Never get to bed before midnight? We ask the experts if we’re more resilient to sleep deprivation than we think.
In an ideal world, we’d be in bed by 10pm after unwinding for an hour with a good book and a cup of tea. In reality, we’re getting home from post-work plans and making dinner at 9.45pm, before crawling into bed on a full stomach and waking up to go again at 6.30am the next morning.
Most of us would argue that we never get enough sleep. But when we talk about sleep deprivation, do we just mean we’re tired or is only getting six hours’ kip a night actually having a detrimental effect on our mental and physical health?
National Sleep Foundation guidelines advise that adults need between seven and nine hours of sleep a night; those over 65 need slightly less (seven or eight hours). A 2018 study of over 10,000 people also found that our body’s ability to function declines if we don’t get at least seven hours of rest, with verbal and reasoning skills taking a dramatic tumble without sufficient sleep.
Dr Katharina Lederle, founder of Somnia, explains that there’s a U-shaped relationship between sleep duration and health (physical and mental). “Both too little and too much are bad,” she says.
As with all aspects of health, however, the effects differ from person to person. “People differ in how vulnerable they are to sleep loss. For some, a couple of nights with a couple of hours’ less sleep than usual will affect performance and health, while others only feel the effect after a few poor nights. There is no one-size-fits-all sleep duration,” Dr Lederle confirms.
Too little sleep has a similar impact to being intoxicated
She points to a study that found performance and reaction times are impaired after being awake for 17 hours – your reaction times are as slow as if you had a blood alcohol level of just below the legal driving limit. To put that into context, if you wake up at 6am and go to the pub after work – eventually sliding into your sheets at 11pm, you’ll have been active for 17 hours.
Now imagine you’ve been out at a dinner or show after work (not drinking) and your car is parked at the station. Driving home after being awake for that long may mean your reaction times are the same as if you’d had a glass of wine. If you wouldn’t get behind the wheel after a drink, why do so many of us drive or cycle when we’re knackered?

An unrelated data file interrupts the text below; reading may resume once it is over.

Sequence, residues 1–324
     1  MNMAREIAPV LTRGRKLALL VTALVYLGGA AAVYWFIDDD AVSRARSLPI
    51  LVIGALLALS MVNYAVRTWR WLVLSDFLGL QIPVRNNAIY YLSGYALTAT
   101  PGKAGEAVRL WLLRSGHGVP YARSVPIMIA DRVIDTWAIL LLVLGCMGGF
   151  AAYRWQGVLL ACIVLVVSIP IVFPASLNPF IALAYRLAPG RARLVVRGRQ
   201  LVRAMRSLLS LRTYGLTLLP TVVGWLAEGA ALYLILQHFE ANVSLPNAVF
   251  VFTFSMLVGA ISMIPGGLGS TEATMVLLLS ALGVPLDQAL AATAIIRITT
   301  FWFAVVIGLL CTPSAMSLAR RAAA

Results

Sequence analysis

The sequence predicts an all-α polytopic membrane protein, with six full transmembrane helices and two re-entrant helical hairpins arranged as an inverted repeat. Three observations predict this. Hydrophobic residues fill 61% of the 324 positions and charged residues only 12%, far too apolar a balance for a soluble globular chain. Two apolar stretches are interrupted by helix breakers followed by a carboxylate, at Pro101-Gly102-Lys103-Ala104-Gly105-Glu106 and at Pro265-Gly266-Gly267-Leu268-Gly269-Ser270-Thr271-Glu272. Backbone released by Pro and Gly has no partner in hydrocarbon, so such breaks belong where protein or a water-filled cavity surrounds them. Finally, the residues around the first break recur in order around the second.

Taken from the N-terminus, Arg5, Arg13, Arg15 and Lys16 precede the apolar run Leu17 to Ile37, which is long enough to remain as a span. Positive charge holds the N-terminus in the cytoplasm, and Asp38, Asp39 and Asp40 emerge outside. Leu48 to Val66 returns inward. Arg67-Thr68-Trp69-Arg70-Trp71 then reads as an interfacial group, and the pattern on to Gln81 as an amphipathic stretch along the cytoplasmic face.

Regular nuggets of under-sleeping aren’t doing you any good
But let’s move along. Next up are those of us who might not be pulling 17 hour days but just regularly lose out on tiny amounts of sleep every night. Maybe you go to the gym at the crack of dawn but can’t seem to bring your bedtime forward, or perhaps you always end up stuck in a TikTok hole just as you should be pulling down the blackout blinds. Are we as bad as those long-stint under-sleepers?
Dr Lederle says that consistent, small sleep loss (such as an hour each night) “might not immediately lead to a disaster but the lost hours add up and will affect your physical and mental health.
“It all depends on how many nights you get too little sleep and what you do.” Even as a sleep doctor, she admits that it’s normal for her to miss the occasional hour or have a poor night sandwiched between refreshing sleeps.
“But if you get less than five hours one night, and that then starts to happen over a few nights, it’s going to start taking a toll on your body and mood,” she says. “Rather than thinking how little sleep you can get away with, try to concentrate on how a healthy sleep supports you in being able to do what matters to you every day.”
Miranda Larbi is the editor of Strong Women and Strong Women Training Club. A qualified personal trainer and vegan runner, she can usually be found training for the next marathon, seeking out vegan treats or cycling across London on a pond-green Tokyo bike.